As my mother's Alzheimer's progressed, I learned that it's often the little things that make a big difference. I remember a cashier at a chain store being patient with my Mom while she proudly purchased some festive socks versus a few rather rude shoppers who nearly toppled the tiny lady who shuffled slowly down the aisle. On many days, I felt lonely and isolated as Alzheimer's tightened its grip on my mother's life -- and mine.
I recently heard about a dementia-friendly resolution passed by the city of Azusa, California in partnership with Silverado Sierra Vista Memory Care Community. I wanted to know if my community could follow this practical, innovative blueprint since many of my friends are Alzheimer's caregivers. Among them is Pat who cares for her husband Bob. Her greatest challenge today is helping him negotiate the outside world:
When Bob was still driving, he was shopping in the Brewster Bookstore and suddenly forgot how to pay. He told the clerk he was having difficulty remembering what to do next, and he handed her his wallet. She took the credit card out and helped him purchase a book for me.
This small act of kindness and understanding did a world of good.
The basic human impulse to offer a helping hand is the message behind Azusa's dementia friendly resolution. Ed Blomendahl, Senior Community Ambassador at Silverado, assembled a community task force whose mission includes educating the community and encouraging respect for people living with memory impairment. For Ed, it's personal. He watched his own family struggle in the early 1980's to find resources for his grandmother who was battling Alzheimer's: "No one could explain what it was or what it meant."
Barbara, a caregiver for her husband David, attended Azusa dementia education classes which are held at Silverado. They are free and open to the public. For Barbara:
There is nothing more difficult than being out in 'the real world' with a family member who has cognitive impairment. You're constantly worried about them wandering, saying something inappropriate, or having episodes that are aggressive, physical or loud.
The stress of the simplest excursions can easily tip one way or the other. "Whenever my daughter and I take David somewhere where the staff is gentle and understanding, it is great for the person with dementia," comments Barbara, "but even better for the family members who are so used to seeing faces of fear or even disgust." She spoke about one gentle gesture that was extended with great dignity: "We used to take David to a little restaurant where the maître d' remembered us. He was always so courteous to my husband and would ask me quietly (so David couldn't hear) whether or not he should bring his meal pre-cut to make it easier to eat."
The "real world" can be a frightening place for someone struggling with dementia, but thankfully there are folks who strive to make our communities easier to navigate. Kat, a server at Marie Callender's, attended dementia training and made small adjustments for her memory-impaired customers: "I learned that too many options might be confusing and cause the guest to become flustered or embarrassed. Instead of asking 'Do you want to add soup or salad with your meal today?' I'll ask 'Do you want to try our potato cheese soup?'" Kat has found reward in a new approach: "The training at Silverado made me realize how important body language and eye contact are when interacting with someone who has dementia. They may not understand completely what I'm saying but the feeling they get from my body language is important. I might stand at a table and take an order looking at my notepad for one table but at a table with someone who has dementia I will kneel down to their level so I'm not intimidating."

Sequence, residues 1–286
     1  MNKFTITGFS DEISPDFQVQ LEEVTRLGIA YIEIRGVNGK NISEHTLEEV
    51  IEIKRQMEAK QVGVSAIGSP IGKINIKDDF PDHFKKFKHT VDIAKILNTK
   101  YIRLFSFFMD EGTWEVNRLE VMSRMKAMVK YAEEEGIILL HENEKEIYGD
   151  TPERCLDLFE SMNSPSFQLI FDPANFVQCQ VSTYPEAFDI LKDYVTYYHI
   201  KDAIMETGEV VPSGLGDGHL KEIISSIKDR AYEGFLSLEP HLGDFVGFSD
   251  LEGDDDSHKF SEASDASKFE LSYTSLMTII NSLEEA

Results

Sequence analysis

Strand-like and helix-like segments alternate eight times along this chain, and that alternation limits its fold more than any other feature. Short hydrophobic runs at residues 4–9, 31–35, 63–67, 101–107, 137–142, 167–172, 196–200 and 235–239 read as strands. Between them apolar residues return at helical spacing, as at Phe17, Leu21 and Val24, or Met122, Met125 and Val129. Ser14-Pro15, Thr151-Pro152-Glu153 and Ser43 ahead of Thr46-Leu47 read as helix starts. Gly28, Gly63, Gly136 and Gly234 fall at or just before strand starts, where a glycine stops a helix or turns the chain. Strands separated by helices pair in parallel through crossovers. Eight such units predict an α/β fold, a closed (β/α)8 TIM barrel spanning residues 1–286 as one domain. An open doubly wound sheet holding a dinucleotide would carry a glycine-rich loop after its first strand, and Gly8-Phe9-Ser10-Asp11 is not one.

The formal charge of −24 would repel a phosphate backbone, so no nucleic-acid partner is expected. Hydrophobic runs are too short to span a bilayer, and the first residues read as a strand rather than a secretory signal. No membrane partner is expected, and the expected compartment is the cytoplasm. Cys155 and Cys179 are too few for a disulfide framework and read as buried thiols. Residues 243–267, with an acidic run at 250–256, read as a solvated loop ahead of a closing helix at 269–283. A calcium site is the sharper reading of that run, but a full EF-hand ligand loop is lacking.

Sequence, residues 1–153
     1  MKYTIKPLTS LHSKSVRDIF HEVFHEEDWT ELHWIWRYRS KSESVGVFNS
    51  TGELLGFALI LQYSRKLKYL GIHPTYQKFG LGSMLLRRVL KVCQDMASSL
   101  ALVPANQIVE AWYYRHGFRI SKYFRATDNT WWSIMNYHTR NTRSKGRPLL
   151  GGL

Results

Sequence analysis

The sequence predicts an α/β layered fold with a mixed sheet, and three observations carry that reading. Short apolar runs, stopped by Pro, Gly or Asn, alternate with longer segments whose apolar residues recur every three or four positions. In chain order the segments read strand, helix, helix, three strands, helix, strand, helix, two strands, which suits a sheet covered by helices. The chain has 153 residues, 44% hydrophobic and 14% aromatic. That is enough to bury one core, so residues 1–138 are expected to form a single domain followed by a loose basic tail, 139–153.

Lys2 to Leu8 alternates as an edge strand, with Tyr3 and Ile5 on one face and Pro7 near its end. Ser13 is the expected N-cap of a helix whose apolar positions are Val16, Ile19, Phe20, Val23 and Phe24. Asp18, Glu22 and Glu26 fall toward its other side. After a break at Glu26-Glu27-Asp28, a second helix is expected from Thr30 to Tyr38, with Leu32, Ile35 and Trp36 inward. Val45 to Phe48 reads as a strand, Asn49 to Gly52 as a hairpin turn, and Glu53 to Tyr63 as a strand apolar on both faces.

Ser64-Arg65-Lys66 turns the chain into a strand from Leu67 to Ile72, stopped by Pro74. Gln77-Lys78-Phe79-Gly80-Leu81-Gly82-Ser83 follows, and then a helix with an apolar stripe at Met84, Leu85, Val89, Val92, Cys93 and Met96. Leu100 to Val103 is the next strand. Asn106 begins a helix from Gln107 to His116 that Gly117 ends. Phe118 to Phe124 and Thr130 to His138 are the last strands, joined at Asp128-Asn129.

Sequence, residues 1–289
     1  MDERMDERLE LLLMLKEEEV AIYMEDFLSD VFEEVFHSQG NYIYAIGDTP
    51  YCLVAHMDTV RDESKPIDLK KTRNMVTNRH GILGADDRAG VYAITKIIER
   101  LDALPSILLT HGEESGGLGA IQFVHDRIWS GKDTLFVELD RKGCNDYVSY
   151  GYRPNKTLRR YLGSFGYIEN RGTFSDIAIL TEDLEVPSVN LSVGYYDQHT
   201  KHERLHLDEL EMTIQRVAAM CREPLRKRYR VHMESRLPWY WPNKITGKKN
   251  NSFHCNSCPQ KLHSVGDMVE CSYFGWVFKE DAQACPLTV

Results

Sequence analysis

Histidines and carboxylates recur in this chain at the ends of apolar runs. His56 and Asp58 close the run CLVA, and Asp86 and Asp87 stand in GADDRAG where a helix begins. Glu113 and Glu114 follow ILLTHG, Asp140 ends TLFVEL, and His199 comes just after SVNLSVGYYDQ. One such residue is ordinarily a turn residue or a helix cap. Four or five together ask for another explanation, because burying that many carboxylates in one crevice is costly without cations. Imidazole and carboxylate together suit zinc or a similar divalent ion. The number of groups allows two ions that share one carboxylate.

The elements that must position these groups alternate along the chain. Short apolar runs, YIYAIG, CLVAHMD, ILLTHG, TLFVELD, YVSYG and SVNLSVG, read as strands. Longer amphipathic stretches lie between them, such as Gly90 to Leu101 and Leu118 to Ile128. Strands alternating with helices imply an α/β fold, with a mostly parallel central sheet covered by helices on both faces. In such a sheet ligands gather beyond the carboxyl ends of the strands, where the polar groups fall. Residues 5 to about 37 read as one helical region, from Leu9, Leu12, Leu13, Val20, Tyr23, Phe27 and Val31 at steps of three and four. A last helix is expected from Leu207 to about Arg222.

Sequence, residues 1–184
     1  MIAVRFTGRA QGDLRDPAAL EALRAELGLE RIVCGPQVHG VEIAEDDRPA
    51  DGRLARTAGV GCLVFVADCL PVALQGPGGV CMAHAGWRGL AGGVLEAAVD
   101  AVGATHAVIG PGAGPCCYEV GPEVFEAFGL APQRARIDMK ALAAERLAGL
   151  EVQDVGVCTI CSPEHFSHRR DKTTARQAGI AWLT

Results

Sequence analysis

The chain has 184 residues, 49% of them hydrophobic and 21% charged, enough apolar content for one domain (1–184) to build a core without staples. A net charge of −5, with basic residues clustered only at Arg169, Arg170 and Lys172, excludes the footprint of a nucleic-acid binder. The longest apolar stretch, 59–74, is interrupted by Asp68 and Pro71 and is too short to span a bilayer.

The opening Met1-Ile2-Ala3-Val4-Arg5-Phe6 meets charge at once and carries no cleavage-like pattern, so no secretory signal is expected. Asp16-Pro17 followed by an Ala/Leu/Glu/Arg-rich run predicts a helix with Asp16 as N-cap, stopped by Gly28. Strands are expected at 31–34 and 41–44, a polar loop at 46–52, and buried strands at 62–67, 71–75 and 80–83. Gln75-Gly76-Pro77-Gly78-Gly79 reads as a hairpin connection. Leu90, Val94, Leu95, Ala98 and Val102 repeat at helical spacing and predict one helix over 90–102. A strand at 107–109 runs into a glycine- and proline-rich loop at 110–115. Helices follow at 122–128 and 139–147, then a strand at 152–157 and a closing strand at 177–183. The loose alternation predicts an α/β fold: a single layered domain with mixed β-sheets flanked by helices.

Many studies have suggested that exercise is good for the brain and can help ease certain Alzheimer's symptoms. Since exercise can be a both a joy and a challenge for the memory-impaired, Tori, a fitness specialist for Azusa's Triad Gym, also participated in the Silverado training. Her motivation for educating herself had everything to do with the mind-body connection: "We have elderly clients who enjoy the many benefits of being in the gym and being with other people. If trainers know how to communicate with someone who has dementia, they can create a more inclusive environment."
To promote the theme of inclusion, Azusa businesses display purple flower decals in their windows once they've completed dementia training. These decals welcome customers with dementia and signal support for their caregivers. As Ed Blomendahl put it: "We're trying to eliminate the stigma associated with this disease. We're encouraging people to come out and we let them know they are still valuable, contributing citizens."
The cashier who was kind to my Mom, the server who learned new approaches for communicating with customers who have dementia, these everyday heroes are the vanguard for what I hope will become a grassroots dementia friendly movement for our friends, our families, and our neighbors.